Changing of the Seasons

I have a few minutes before heading out to do the "critter chores", but it's 39* out there, so I don't feel like there's any rush to go "freeze". Yesterday was productive. Started out with showing Mom & Dad the morning routine here at the hobby farm in preparation for when I got on vacation for a week in October. Recently, the Lord has been guiding me to make certain changes to simplify things, as chores here at the hobby farm were too much for one person. But since simplifying & reducing the amount of feed that I'm fermenting, and increasing the amount of dry feed available 24/7, it's reduced the time each day needed for chores. And if anything, the animals are getting more feed than they were before, since their dry feed is now the main source. Granted, it's not as "digestible" as the fermented feed and they waste some on the ground, but spending an average of 3 hours every day just on feeding, watering and preparing their feed for the following day was getting to be quite burdensome.
One of the other things that comes with this cooler weather is the reality that winter is coming. Hence, the pressure to get the number of animals reduced to a manageable number for the winter, starting with all the young cockerels. I've been busy processing, but since that's again a one-person job around here, it averages me 15 minutes per bird. So far, I've processed 17 cockerels, but I realized the other day I simply didn't have time to process every single rooster before leaving October 5th.
Someone mentioned "auction", and although I haven't considered that option before, it seemed like a feasible option this time around since I had many cockerels who are too small to process yet.
So, Tuesday evening, we repurposed some old rabbit cages and miscellaneous wire cages into transportation cages to take the cockerels, a few older hens & some ducklings to the auction. They were nothing fancy, but at least they served the purpose & it cleaned up some of the "might be able to use someday" pile. Once the cages were loaded in the truck & lined with mulch hay bedding, it was dark & everyone was roosting. Easy time to catch & load in a dog crate, carry up the side hill to the truck & place them in the cages. After many trips, lots of flapping of wings, squawking, and writing down the wingband numbers in my handy small notebook, we had them all loaded - 33 cockerels, 8 hens & at least 18 ducklings. Plus, the 11 pullets that will be going to their new home Wednesday afternoon, were caught & separated, so they can go out on pasture this morning.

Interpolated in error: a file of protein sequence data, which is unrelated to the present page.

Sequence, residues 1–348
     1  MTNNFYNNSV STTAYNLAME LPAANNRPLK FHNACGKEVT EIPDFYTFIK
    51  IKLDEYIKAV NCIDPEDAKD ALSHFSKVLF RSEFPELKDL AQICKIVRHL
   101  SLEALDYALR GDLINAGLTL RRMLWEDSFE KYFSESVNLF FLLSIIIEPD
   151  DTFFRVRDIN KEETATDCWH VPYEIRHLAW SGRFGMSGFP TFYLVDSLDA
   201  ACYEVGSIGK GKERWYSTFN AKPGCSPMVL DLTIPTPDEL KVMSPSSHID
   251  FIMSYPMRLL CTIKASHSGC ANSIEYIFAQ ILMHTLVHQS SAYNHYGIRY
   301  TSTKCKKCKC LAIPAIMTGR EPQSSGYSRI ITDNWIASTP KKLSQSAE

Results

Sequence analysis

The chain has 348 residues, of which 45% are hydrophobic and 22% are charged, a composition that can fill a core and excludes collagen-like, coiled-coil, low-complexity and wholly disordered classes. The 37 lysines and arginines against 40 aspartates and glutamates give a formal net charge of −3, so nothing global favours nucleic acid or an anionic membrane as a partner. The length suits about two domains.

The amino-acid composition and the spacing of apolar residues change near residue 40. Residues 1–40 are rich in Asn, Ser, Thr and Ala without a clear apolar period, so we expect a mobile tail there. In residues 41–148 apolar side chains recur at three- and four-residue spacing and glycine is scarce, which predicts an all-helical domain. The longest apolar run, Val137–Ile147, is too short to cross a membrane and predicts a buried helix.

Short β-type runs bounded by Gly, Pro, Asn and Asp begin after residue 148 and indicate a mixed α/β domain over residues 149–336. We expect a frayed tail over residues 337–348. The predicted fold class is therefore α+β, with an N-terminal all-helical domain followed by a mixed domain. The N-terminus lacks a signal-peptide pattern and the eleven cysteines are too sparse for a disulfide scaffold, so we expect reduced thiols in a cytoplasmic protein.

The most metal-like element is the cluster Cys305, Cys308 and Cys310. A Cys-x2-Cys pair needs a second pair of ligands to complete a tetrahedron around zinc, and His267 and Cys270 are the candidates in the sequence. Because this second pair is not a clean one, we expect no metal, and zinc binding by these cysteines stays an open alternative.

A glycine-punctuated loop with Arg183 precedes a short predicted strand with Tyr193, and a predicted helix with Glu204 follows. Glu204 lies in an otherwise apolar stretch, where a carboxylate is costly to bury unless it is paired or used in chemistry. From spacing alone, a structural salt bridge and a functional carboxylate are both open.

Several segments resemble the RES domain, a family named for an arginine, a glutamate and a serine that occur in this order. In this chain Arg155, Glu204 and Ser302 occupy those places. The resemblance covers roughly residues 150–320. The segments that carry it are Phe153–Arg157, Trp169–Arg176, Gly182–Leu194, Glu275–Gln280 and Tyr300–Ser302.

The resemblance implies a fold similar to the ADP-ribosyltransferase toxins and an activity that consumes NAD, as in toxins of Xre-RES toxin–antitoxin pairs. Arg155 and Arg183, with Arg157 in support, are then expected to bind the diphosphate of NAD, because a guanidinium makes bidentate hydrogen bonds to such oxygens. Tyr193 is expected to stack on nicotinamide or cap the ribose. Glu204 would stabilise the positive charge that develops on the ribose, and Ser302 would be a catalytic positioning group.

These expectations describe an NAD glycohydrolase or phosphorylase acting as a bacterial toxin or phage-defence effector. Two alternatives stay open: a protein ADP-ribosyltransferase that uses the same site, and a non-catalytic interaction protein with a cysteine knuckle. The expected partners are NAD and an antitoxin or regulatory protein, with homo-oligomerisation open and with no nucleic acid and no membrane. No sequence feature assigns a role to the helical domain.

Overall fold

Oh, and we also worked on the "third-world coops" under the pine trees, as the roof hadn't been finished since we started back in July. Even with all this downsizing, I have an order of hatchery pullet chicks due to ship out Wednesday. Two broody hens, Lydia & Crocus, will help raise them during the winter, and in the spring they will go to their new homes. I ordered them because a friend wanted some pullets & after considering my options, I decided that the most economical way would be to order pullets from a hatchery, instead of waiting another 21 days for eggs to hatch & have to raise out even more cockerels.
While we're again on the cockerel & rooster subject, let me introduce to you the newcomers:

This is the Swedish Flower Hen cockerel that I'm keeping for another non-related
breeding line. I'm excited to see what colors he'll throw, since he's "blue-based",
rather than "black-based" like Kevin, the current rooster.
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His handsome brother went home with some of my pullets on Monday night,
so he'll also be put to good use.
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Now, this is a Blue Double Laced Barnevelder,
who originally came from Blue House Farms in NC, but I purchased him from
the same lady who had these Swedish Flower Hen cockerels.
He will be used as another out-cross in the Catskill Homesteader breeding project.
He's such a pretty boy, and even though I have other "similar" feathered roosters,
he's from a totally different bloodline.

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This other SFH cockerel was an extra included with other two, because he's a runt
and had crooked toes. Even though he's strong & vigorous boy, I decided to send
him to the auction as well. You're not supposed to use chickens with crooked toes
in breeding, but I didn't want to just process him myself.
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Well, it's almost 7:30, and even though I've been up for 2 hours, I need to officially start
the day by taking care of the animals and getting ready to leave by 10 am for the auction.